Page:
The above picture was my son's idea. He plopped one of his sister's tutus on his head and pranced about in his version of a la-de-dah lady, something not seen since the grand ol' days of vaudeville. He then convinced Maxie to put a tutu on as well and demanded a photo shoot. It was campy and a lot of fun. The merriment ebbed. The tutu came off. He then got dressed in his uniform: jeans, tee shirt, hoodie, sneaks, and was off to school.
Bash is beginning to develop his own sense of style. For a while he fancied a pink pair of cat-eyed sunglasses. A girl in his class obnoxiously said, "Those are girl glasses." I immediately held my breath, taking more offense to the tone than the implication. But Sebastian parried with, "No, they aren't." Case closed. I didn't have to snatch the child bald.
I've blogged about the time he went trick or treating as Dorothy and his present attachment to a pair of Dolce and Gabanna girl boots, Sometimes a Girl Needs a Kicky Pair of Boots, and I've come to a conclusion... Much more important than any discomfort I may have, my children deserve the right to explore in a safe environment without being subjected to shame. Last thing I want to be responsible for are future therapy bills.
I couldn't tell you what Sebastian's sexual orientation will be, but he's incredibly social and if he can get the laugh, he very well might go out in public wearing a dress. Much like my uncle did in 1950's Norman, Oklahoma, singing to his high school assembly I'm Just a Girl Who Can't Say No.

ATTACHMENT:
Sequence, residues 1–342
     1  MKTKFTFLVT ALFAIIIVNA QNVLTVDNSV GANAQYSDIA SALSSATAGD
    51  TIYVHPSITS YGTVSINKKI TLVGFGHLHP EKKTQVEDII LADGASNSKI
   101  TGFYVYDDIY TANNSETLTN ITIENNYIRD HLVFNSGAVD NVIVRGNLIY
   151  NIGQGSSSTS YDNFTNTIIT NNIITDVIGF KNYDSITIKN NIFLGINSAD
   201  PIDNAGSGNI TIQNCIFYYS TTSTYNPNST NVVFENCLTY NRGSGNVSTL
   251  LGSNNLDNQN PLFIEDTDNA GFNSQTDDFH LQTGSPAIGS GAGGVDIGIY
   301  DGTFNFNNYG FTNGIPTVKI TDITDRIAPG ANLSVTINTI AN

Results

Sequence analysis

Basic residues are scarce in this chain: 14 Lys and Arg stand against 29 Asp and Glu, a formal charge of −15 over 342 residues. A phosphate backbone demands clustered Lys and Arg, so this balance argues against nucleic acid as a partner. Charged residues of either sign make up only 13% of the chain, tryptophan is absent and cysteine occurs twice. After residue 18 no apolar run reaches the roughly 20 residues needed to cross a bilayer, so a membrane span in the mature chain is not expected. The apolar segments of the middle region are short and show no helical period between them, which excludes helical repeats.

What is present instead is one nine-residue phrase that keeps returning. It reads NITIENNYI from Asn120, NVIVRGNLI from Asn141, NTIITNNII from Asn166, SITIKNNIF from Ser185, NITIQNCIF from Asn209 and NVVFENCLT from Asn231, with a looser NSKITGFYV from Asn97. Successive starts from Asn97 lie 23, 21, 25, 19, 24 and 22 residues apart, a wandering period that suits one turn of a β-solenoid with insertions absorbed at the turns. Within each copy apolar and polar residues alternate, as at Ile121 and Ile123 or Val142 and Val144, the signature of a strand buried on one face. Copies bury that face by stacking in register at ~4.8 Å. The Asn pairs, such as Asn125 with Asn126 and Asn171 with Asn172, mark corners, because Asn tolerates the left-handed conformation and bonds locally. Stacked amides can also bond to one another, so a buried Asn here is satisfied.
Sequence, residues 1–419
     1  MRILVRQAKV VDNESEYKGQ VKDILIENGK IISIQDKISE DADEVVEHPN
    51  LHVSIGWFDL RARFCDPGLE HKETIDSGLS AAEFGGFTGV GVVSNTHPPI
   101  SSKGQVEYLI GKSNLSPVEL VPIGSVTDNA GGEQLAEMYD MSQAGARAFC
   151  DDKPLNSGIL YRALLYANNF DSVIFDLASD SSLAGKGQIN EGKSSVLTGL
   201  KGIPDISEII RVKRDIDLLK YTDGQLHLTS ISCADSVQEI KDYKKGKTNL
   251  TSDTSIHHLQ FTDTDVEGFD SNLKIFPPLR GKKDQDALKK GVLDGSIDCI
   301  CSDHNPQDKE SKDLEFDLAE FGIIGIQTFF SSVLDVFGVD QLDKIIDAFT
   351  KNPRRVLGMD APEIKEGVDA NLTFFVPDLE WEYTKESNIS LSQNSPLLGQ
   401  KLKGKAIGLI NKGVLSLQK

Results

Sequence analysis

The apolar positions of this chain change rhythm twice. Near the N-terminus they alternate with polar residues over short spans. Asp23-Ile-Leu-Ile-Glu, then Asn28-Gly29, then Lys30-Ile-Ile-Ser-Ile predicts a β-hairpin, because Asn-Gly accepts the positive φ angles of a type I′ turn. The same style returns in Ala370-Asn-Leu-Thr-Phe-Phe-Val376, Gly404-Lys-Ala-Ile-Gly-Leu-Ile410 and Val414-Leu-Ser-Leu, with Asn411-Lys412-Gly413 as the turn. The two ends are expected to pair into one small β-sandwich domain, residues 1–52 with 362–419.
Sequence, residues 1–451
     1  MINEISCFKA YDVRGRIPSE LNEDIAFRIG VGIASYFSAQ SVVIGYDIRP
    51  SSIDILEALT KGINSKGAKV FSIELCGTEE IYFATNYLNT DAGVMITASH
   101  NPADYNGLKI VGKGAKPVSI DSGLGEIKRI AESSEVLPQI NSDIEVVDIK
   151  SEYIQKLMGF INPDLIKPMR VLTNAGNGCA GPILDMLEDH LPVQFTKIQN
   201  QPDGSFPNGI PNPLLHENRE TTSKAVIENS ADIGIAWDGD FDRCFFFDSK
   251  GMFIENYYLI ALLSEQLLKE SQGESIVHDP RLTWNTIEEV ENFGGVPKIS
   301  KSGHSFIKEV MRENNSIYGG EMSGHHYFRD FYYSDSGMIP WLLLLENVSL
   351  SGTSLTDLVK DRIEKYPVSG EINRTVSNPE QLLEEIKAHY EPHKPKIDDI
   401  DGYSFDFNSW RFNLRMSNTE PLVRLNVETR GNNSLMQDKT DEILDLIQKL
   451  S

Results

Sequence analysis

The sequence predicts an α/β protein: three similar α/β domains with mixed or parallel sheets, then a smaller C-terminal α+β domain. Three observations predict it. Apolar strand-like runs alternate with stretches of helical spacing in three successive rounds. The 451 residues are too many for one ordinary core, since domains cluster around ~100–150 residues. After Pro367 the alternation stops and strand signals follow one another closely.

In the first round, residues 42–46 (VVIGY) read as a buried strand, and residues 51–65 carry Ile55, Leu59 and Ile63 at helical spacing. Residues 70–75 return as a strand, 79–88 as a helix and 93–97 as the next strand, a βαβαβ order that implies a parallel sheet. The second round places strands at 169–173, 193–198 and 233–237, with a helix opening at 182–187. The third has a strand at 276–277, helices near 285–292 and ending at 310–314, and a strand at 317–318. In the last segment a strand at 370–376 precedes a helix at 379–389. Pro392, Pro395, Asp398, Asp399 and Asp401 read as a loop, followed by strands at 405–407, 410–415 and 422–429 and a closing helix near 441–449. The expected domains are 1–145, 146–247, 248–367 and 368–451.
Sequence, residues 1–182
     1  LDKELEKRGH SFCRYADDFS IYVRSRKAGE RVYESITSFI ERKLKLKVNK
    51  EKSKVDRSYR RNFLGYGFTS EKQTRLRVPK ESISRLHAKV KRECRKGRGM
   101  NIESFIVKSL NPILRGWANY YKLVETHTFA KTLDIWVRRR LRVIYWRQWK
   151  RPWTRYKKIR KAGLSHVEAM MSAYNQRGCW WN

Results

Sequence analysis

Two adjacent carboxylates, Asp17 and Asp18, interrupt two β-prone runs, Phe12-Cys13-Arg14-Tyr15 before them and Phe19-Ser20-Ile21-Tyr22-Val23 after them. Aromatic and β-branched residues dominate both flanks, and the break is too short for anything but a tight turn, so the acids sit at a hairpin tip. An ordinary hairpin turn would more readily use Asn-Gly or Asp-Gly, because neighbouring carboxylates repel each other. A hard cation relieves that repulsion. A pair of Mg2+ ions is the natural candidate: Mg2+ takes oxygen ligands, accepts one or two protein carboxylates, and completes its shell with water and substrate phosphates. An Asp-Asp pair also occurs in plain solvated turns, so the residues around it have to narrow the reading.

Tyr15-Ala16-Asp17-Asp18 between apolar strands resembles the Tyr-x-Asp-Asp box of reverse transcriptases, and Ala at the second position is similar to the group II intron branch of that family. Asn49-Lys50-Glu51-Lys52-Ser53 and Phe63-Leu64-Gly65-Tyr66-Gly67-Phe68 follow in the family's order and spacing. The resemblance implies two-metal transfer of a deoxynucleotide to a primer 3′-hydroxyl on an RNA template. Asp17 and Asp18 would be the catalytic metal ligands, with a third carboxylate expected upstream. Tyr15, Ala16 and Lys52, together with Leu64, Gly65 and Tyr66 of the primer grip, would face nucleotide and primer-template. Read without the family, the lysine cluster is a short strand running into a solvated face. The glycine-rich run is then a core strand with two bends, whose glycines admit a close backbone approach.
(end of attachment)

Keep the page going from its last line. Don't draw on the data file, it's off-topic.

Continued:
I never wanted to wear women's clothes and I'm gay. My uncle, who still puts on his Ado Annie drag from time to time, has been married to my aunt for more than fifty years. So love of the dress has nothing to do with what team you bat for. My husband, the ex drag queen, may disagree.
Tomorrow, I'm driving north for a good friend's wedding. By myself! It will be my first night away from my daughter since she arrived in our home. I can't tell you how much I'm looking forward to the break. But while I'm gone, I'm not going to think about Sebastian as my tutu wearing, future eyeliner applying son. I'm going to miss his smile, and the energy he gives me daily. His personality is brilliant, and it is my job, whether I fully approve of his choices or not, to grind those kernels of discomfort into dust, and protect the energy and light and humor and strength and vulnerability that is Sebastian Isaac.